Pediatricians' responses to printed clinical reminders

Does highlighting prompts improve responsiveness?

Kristin S. Hendrix, Stephen Downs, Aaron Carroll

Research output: Contribution to journalArticle

4 Citations (Scopus)

Abstract

Objective Physicians typically respond to roughly half of the clinical decision support prompts they receive. This study was designed to test the hypothesis that selectively highlighting prompts in yellow would improve physicians' responsiveness. Methods We conducted a randomized controlled trial using the Child Health Improvement Through Computer Automation clinical decision support system in 4 urban primary care pediatric clinics. Half of a set of electronic prompts of interest was highlighted in yellow when presented to physicians in 2 clinics. The other half of the prompts was highlighted when presented to physicians in the other 2 clinics. Analyses compared physician responsiveness to the 2 randomized sets of prompts: highlighted versus not highlighted. Additionally, several prompts deemed high priority were highlighted during the entire study period in all clinics. Physician response rates to the high-priority highlighted prompts were compared to response rates for those prompts from the year before the study period, when they were not highlighted. Results Physicians did not respond to prompts that were highlighted at higher rates than prompts that were not highlighted (62% and 61%, respectively; odds ratio 1.056, P =.259, NS). Similarly, physicians were no more likely to respond to high-priority prompts that were highlighted compared to the year before, when the prompts were not highlighted (59% and 59%, respectively, χ2 = 0.067, P =.796, NS). Conclusions Highlighting reminder prompts did not increase physicians' responsiveness. We provide possible explanations why highlighting did not improve responsiveness and offer alternative strategies to increasing physician responsiveness to prompts.

Original languageEnglish
Pages (from-to)158-164
Number of pages7
JournalAcademic Pediatrics
Volume15
Issue number2
DOIs
StatePublished - Mar 1 2015

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Physicians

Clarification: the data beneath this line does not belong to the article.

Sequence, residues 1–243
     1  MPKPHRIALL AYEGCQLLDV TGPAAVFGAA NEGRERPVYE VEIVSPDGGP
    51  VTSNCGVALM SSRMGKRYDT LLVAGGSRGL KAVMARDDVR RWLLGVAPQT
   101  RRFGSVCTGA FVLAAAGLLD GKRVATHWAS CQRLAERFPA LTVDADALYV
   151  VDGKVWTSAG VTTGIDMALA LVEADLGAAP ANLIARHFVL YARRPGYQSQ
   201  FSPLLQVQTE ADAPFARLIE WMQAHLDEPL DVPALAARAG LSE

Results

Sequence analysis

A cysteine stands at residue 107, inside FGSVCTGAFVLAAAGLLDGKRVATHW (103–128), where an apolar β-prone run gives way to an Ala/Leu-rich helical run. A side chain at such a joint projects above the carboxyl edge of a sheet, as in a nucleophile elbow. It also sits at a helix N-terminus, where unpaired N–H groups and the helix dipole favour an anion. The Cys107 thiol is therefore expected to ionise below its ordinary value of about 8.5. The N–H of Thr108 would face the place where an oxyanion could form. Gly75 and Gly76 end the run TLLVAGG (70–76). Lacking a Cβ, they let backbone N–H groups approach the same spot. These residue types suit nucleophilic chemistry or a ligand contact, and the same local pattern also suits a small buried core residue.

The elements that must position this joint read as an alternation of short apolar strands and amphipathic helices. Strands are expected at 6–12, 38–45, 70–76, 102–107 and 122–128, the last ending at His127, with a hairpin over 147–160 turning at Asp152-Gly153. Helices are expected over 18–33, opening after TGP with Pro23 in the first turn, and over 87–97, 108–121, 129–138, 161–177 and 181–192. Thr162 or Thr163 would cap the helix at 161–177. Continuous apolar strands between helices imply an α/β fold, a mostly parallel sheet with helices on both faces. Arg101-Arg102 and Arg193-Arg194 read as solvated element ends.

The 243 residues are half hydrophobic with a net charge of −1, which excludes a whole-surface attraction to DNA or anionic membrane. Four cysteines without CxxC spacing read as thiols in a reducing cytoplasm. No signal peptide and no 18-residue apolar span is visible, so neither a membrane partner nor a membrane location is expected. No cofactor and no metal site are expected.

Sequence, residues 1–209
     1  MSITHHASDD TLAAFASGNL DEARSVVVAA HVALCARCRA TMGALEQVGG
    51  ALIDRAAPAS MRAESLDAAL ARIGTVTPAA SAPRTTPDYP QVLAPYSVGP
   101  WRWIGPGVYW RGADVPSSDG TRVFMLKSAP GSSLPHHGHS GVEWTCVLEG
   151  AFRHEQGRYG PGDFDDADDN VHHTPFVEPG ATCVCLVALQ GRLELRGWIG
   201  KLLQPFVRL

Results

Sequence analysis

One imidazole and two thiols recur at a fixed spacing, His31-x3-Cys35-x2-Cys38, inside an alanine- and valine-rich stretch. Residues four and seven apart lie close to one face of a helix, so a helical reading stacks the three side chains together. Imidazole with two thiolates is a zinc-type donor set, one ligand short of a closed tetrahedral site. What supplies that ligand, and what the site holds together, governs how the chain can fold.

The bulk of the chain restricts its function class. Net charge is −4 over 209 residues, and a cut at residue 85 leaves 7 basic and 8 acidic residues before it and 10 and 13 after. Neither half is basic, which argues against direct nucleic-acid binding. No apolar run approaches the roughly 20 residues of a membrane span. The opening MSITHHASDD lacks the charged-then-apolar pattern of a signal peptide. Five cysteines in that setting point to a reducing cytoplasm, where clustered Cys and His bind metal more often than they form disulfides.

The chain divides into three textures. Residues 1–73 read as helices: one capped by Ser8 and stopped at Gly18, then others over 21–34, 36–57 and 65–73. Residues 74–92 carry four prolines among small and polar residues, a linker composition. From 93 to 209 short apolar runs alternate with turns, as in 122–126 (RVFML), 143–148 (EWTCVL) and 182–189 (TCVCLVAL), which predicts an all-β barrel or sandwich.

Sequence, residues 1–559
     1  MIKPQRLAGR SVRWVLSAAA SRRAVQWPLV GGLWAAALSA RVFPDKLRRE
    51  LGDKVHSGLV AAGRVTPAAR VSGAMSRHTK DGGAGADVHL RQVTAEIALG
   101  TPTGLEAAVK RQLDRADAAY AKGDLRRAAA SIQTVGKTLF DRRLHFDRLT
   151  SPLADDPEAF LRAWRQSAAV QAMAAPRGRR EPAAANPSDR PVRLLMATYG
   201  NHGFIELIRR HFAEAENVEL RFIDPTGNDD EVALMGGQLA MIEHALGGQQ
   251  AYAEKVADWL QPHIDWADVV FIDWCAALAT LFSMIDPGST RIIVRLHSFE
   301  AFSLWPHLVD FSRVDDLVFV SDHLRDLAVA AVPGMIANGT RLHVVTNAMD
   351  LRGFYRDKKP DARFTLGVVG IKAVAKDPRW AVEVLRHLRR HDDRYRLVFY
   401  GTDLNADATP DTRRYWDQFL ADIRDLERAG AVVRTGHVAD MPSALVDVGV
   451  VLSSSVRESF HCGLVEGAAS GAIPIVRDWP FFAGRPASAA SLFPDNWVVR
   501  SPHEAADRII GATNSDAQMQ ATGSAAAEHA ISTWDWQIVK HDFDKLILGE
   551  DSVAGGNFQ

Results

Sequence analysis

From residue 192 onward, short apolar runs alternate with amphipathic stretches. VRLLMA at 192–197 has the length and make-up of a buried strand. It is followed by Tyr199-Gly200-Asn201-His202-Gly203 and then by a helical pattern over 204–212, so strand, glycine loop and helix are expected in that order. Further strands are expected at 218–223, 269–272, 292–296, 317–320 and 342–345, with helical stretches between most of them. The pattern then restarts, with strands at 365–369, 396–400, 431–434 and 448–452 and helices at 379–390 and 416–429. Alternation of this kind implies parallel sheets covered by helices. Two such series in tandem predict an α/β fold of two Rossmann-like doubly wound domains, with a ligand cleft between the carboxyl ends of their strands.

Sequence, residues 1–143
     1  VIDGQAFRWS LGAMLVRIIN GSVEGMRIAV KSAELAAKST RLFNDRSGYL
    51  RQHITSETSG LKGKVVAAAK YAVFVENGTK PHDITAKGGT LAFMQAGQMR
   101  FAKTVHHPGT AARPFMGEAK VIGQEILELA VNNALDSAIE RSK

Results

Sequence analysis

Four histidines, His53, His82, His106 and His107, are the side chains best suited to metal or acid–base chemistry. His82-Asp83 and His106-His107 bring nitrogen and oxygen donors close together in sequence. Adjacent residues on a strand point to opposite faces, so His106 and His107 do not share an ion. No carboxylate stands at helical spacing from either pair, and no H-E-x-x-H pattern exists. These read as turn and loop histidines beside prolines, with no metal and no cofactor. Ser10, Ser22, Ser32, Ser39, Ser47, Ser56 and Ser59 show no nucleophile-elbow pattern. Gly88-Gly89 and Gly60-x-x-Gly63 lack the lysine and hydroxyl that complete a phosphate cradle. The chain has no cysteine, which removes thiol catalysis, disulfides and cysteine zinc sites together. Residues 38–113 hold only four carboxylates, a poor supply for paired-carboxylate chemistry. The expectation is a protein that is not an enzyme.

Clinical Decision Support Systems
Pediatricians
Automation
Primary Health Care
Randomized Controlled Trials
Odds Ratio
Pediatrics

Keywords

  • alert fatigue
  • clinical decision support
  • pediatric
  • prompts
  • reminders

ASJC Scopus subject areas

  • Pediatrics, Perinatology, and Child Health

Cite this

Pediatricians' responses to printed clinical reminders : Does highlighting prompts improve responsiveness? / Hendrix, Kristin S.; Downs, Stephen; Carroll, Aaron.

In: Academic Pediatrics, Vol. 15, No. 2, 01.03.2015, p. 158-164.

Research output: Contribution to journalArticle

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N2 - Objective Physicians typically respond to roughly half of the clinical decision support prompts they receive. This study was designed to test the hypothesis that selectively highlighting prompts in yellow would improve physicians' responsiveness. Methods We conducted a randomized controlled trial using the Child Health Improvement Through Computer Automation clinical decision support system in 4 urban primary care pediatric clinics. Half of a set of electronic prompts of interest was highlighted in yellow when presented to physicians in 2 clinics. The other half of the prompts was highlighted when presented to physicians in the other 2 clinics. Analyses compared physician responsiveness to the 2 randomized sets of prompts: highlighted versus not highlighted. Additionally, several prompts deemed high priority were highlighted during the entire study period in all clinics. Physician response rates to the high-priority highlighted prompts were compared to response rates for those prompts from the year before the study period, when they were not highlighted. Results Physicians did not respond to prompts that were highlighted at higher rates than prompts that were not highlighted (62% and 61%, respectively; odds ratio 1.056, P =.259, NS). Similarly, physicians were no more likely to respond to high-priority prompts that were highlighted compared to the year before, when the prompts were not highlighted (59% and 59%, respectively, χ2 = 0.067, P =.796, NS). Conclusions Highlighting reminder prompts did not increase physicians' responsiveness. We provide possible explanations why highlighting did not improve responsiveness and offer alternative strategies to increasing physician responsiveness to prompts.

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